members represent the association at state, regional, and Blue 
Ridge. N. C, conferences each year. 



MILLSAPS COLLEGE 29 

YOUNG WOMEN'S CHRISTIAN ASSOCIATION 

The Y. W. C. A. provides expression for the religious in- 
terests of Millsaps women through a program similar to that 
of the Y. M. C. A. It holds Thursday evening meetings de- 
voted to the religious needs of college women, and cooperates 
in the orientation of new students in campus life. Repre- 
sentatives of the association participate in all of the confer- 
ences of the Y. W. C. A., and Christian Student Movement. 

MINISTERIAL LEAGUE 

Students preparing for the Christian ministry may join 
the Ministerial League, which provides programs appropriate 
to the needs of students interested in Christian life work. 
Through its activities, the league provides opportunity for 
Christian service for its members, and contributes much to 
the religious life of the campus, and of the local churches. 

RELIGIOUS EMPHASIS WEEK 

The annual Religious Emphasis Week is sponsored by all 
of the religious groups of the campus, functioning through 
the Millsaps Christian Council. For this week some outstand- 
ing religious leader familiar with student life and problems 
is brought to the campus. The speaker for the Religious 
Emphasis Week of 1936 was Dr. G. Ray Jordan (Winston- 
Salem, North Carolina), whose public messages and individ- 
ual conferences proved of great value to many students. The 
evening services of the week were conducted as the Millsaps 
Youth Conference, and were open to all of the young people 
of the Jackson area. Large numbers of young people from 
the city and nearby places enjoyed attendance at these serv- 
ices. 

THE CHRISTIAN CENTER 
All religious groups of the campus share the use of a 
frame building known as the Christian Center. This building 
has been recently remodelled and now provides facilities for 
worship, forum, recreation, and committee meetings. In ad- 
dition to the meetings of the various religious organizations, 
a vesper service is conducted in the center each evening after 
dinner. 



30 MILLSAPS COLLEGE 

ATHLETICS 

Millsaps College has maintained a consistently high ath- 
letic standard, not only in developing teams for intercollegiate 
competition, but in providing a well rounded program which 
attempts to bring every student in college into some form of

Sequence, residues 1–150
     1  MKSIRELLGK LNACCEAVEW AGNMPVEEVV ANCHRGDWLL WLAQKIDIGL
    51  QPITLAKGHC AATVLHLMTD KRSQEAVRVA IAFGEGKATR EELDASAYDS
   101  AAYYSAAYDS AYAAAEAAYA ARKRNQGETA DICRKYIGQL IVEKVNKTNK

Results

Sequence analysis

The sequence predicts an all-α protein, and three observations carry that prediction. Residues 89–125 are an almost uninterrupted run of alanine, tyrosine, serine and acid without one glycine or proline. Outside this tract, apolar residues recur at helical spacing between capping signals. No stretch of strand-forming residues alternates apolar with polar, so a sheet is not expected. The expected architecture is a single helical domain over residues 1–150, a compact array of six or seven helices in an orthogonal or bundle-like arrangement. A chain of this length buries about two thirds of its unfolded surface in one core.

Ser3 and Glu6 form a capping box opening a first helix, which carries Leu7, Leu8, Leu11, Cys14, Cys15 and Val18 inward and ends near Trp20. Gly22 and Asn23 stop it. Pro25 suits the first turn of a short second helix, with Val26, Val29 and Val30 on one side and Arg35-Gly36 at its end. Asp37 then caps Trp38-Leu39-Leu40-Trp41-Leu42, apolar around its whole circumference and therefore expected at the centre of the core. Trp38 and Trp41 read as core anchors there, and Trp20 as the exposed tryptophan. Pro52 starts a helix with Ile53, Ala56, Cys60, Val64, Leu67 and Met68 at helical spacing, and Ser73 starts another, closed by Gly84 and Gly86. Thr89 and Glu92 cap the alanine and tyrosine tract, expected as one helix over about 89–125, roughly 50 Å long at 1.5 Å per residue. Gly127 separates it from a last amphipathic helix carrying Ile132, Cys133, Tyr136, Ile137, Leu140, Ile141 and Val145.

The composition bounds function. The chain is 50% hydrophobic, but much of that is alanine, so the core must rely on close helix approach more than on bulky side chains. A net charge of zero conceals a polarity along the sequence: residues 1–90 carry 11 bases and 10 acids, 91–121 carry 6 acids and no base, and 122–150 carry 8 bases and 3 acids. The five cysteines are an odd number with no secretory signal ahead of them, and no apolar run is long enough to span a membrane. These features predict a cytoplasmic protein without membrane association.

athletic competition. 

I. ELIGIBILITY. 

Millsaps is a member of the Dixie conference and the S. 

I. A. A. Important rules which govern Millsaps athletics are: 
(1) During his freshman year of residence a student may par- 
ticipate only in limited competition with the freshmen of 
other institutions or with junior colleges. (2) A student may 
have three years of participation as a member of the varsity 
teams, but must advance each year in class standing. (3) 
Graduates of junior colleges are eligible at once for varsity 
teams provided they enter Millsaps College directly from jun- 
ior college. 

II. AWARDS. 

(1) Freshmen. Freshman sweaters are awarded in base- 
ball, basketball, football, and tennis upon the recommenda- 
tion of the coach. (Freshmen, however, will not receive their 
sweaters until they have attained a scholastic record which 
will make them eligible for intercollegiate competition.) 

(2) Varsity. A varsity jacket with an "M" is given a 
student upon recommendation of the coach, the first time he 
is a regular member of a varsity team in baseball, basketball, 
football, or tennis. 

III. INTRAMURAL ATHLETICS. 

In the desire to have a "sports for all" program, the col- 
lege sponsors, intramural activities in: archery, baseball, bas- 
ketball, boxing, free throwing, touch football, golf, horseshoe, 
Softball, track, tennis, and volley ball. 

Cups are awarded to championship squads in these ac- 
tivities. In general, the units are based upon residence in 
dormitories and teams sponsored by social fraternities. 



MILLSAPS COLLEGE 31 

IV. ATHLETIC FACILITIES. 

(1) A new gymnasium provides a large playing floor for 
basketball, boxing, volley ball, indoor baseball, and tennis. 
It has a regulation ring for boxing, mats for gymnastics, dress- 
ing rooms for all teams, a room for visiting teams, trainer's 
room complete with equipment for injuries, a club room for 
wearers of the "M", and the college store. The gymnasium 
has become the center of the activities of the students. (2) 
The football stadium with seating accommodations for five 
thousand spectators is equipped with lights for night games 
and also contains a fine 24 ft. quarter mile cinder track. (3) 
The baseball field is separate from the football stadium and 
is also used as a freshman football practice field. (4) Five 
new clay tennis courts have been constructed near the gymna- 
sium and are kept in perfect condition in nine out of the 
twelve months of the year. (5) A very fine nine hole golf 
course has been built and is for use by all students. 



32 MILLSAPS COLLEGE